8) Sanade states at paragraph 95 that "where the child or indeed the remaining spouse is a British citizen and therefore a citizen of the European Union, it is not possible to require them to relocate outside of the European Union or to submit that it would be reasonable for them to do so." In Izuazu (Article 8 - New Rules) [2013] UKUT 00045 (IAC) a panel comprising the President, Lord Bannatyne and UT Judge Storey clarified that although the respondent continues to accept that EU law prevents the state requiring an EU citizen to leave the UK nevertheless the respondent "contends with good reason that this is to be distinguished from a case where an independent adult can choose between continued residence in the UK or continued cohabitation abroad."

9) The judge plainly took a great deal of care over this case but unfortunately, he did fall into some errors. However, I agree with Mr Mullen that paragraph 120 discloses little more than an error of expression, because the judge went on to weigh all relevant factors rather than applying a literal "insurmountable obstacles" test, in or out of the Rules. In relation to the appellant's wife, the criterion is to be found in Izuazu, not in Sanade. In relation to the child, the appellant is not the parent or a principal carer. As the husband of the child's grandmother, family life exists only in a broad sense. The judge was entitled to find that the child's mother was able to care adequately for herself and the child even if her mother and the appellant were to return to Georgia (paragraph 129). There was no reason for links to be severed (paragraph 142-143). The judge's errors as to the extent of leave the appellant would receive if he succeeded his appeal and as to whether he should be required to make a further application were both minor matters.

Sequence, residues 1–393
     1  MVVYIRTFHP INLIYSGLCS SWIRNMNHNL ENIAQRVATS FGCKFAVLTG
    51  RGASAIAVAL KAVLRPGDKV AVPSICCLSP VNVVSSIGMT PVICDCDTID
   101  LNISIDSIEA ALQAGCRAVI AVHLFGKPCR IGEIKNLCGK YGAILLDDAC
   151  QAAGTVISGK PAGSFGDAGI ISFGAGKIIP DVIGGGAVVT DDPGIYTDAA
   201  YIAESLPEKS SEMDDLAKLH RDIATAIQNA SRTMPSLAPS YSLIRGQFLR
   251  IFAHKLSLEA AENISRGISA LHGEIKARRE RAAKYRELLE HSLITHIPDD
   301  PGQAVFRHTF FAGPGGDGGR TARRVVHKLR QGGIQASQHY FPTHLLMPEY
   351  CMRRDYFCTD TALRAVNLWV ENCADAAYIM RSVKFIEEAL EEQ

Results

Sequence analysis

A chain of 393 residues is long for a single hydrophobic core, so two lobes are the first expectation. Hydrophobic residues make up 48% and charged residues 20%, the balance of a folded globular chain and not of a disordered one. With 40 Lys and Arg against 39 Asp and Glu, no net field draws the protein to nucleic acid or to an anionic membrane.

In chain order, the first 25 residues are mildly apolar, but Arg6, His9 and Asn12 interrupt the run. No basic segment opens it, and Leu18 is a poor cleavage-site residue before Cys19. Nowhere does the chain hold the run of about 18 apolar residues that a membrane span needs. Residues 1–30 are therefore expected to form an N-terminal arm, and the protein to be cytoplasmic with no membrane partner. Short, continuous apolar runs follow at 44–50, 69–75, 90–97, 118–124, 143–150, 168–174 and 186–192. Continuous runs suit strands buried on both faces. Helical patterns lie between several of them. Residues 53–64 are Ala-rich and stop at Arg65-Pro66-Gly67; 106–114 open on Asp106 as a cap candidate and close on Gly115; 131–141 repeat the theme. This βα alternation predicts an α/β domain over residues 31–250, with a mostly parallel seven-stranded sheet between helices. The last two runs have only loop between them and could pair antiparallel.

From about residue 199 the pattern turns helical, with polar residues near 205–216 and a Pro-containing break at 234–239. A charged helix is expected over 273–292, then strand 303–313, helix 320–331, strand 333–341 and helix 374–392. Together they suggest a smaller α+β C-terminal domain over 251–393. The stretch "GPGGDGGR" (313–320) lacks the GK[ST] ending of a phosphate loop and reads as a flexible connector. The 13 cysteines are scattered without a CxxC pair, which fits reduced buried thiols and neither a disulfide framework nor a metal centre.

10) On the fundamental issue in this case, paragraph 57 of Sanade is apt:

At one end of the spectrum are cases where both parties to a marriage come from the same country, are nationals of that country, are familiar with the language, religion and way of life there, and face no obstacles to relocation. Immigration action may hardly be an interference with family life at all and very little by way of justification would be required to enforce the ordinary scheme of the state's immigration control regime. At the other end the practical impossibility of enjoying family life outside the contracting state is likely to make the interference disproportionate.

11) The essential facts of this case are much nearer to the first end of that spectrum than to the second. The grounds of appeal disclose no good reason for interfering with the judge's striking of the proportionality balance.

12) The determination of the First-tier Tribunal shall stand.

29 May 2014
Judge of the Upper Tribunal